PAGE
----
Weblog Navigation

First Previous Index Next Last

What..?

Tuesday, 31st March 2009

I don't know where this idea is coming from, but I've heard the same thing from two different people now, so somebody out there must be saying it, and people are listening. Someone is claiming that the Democratic party wants to limit the maximum salary of all corporate executives to $500,000/year. This is such a completely nonsensical idea that I haven't been able to form a coherent response to it.

What they're talking about, of course, is the idea that's been floating around Congress to limit executive compensation for companies receiving government bail-out money, in response to the perceived atrocity that AIG paid $168 million in bonuses to its executives just after the government bailed them out. Several of these executives have voluntarily returned the money, and Congress is exploring ways to extract as much of it as possible from the rest, including by unconstititionally amending the tax code to target these specific individuals with a 90% tax on their earnings.

That's all. Nobody wants to limit executive pay at any company that isn't receiving government bail-out money. Congress wants to limit it to half a million dollars a year at companies that are so broke they'd go bankrupt if the government didn't rescue them, and Congress wants a way to make this retroactive for the companies they've already given bail-out money to, because Congress was too stupid to realize that if you give a company a big pile of money without specifying what they're supposed to spend it on, they're not going to spend it the way you wanted them to.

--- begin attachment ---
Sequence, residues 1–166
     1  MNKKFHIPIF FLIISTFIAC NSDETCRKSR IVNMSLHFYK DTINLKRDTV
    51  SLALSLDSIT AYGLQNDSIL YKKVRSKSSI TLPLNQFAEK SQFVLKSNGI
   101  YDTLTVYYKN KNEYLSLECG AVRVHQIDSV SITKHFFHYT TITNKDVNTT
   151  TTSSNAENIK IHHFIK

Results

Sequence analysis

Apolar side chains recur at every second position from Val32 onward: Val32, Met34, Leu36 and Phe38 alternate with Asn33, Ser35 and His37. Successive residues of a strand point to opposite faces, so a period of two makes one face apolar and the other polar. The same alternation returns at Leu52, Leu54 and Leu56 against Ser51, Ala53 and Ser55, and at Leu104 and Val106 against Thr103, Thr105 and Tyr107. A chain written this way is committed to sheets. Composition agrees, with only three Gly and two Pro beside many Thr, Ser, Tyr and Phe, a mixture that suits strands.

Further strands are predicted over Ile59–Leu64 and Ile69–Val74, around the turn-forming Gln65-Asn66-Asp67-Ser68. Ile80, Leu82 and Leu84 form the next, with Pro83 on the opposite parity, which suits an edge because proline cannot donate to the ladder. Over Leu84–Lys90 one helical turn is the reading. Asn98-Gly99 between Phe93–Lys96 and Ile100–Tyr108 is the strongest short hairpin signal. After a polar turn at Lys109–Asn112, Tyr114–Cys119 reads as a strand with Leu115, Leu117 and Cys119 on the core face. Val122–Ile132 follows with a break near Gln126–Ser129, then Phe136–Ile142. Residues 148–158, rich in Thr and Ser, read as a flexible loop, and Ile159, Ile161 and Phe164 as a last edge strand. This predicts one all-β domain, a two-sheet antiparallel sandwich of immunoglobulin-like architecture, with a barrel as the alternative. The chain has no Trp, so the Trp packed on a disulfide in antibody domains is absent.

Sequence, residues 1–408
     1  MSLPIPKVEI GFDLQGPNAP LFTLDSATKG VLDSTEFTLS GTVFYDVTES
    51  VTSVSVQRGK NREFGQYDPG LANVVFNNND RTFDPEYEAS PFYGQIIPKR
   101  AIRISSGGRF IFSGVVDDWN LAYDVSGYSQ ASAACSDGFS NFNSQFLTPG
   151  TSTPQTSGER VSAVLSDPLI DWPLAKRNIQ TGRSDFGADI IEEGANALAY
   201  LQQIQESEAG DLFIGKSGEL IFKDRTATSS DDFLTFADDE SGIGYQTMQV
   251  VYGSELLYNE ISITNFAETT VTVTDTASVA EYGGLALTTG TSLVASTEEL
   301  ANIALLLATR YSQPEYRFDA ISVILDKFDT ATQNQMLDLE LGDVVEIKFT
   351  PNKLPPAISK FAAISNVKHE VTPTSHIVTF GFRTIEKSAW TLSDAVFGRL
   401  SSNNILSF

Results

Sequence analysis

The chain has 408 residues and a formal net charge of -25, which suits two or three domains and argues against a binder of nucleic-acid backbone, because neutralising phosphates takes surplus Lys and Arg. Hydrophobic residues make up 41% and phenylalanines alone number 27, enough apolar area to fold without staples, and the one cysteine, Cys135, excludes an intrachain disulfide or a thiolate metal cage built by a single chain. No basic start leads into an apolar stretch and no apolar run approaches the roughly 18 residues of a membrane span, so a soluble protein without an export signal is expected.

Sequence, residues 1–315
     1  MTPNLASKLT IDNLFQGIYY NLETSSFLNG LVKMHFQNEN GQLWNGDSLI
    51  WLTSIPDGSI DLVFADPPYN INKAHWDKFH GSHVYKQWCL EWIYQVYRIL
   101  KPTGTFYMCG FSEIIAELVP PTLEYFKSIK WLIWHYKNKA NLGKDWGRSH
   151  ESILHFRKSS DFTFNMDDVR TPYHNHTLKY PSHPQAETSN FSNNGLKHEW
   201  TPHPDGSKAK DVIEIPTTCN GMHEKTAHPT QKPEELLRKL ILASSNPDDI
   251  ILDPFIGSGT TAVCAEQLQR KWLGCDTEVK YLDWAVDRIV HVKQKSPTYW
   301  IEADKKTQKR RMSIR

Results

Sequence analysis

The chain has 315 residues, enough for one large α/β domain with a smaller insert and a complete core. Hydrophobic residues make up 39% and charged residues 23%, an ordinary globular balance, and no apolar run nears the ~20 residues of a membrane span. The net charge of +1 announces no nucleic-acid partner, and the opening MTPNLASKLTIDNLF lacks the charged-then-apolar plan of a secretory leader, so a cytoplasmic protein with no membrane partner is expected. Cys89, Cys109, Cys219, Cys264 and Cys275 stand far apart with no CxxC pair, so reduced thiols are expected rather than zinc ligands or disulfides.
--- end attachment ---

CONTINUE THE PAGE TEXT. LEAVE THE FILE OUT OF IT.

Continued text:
The AIG bonus issue is a red herring; a distraction from what's actually important. As I understand it, these “bonuses” weren't performance bonuses anyway. When people think of a bonus, they think of a gift to reward exceptional work, and the idea of rewarding failure understandably offends people. These “bonuses” were something else entirely; they weren't a gift, but an obligation written into the executives' employment contracts as part of their regular compensation, and just like your boss can't suddenly start paying you half the salary you had agreed to, AIG can't suddenly not pay the bonuses these executives were supposed to receive.

The reason I said this isn't an important issue is two-fold: first, because AIG was contractually obligated to do what it did (and someone in the government was well aware of the bonuses before the bail-out happened). Second, because executive bonuses are a very small part of the problem. The comic strip xkcd explained this well. Congress should just let this one go, focus on more important issues, and try to do better next time.

Anyway, this claim that the Democrats want to destroy our way of life by limiting CEO pay is completely absurd. This isn't the beginning of a slippery slope: “Today AIG, tomorrow the world!” No. Please stop trying to scare everybody with what you imagine the Democrats might someday want to do, and instead focus your outrage on what they're actually doing.


Weblog Navigation

First Previous Index Next Last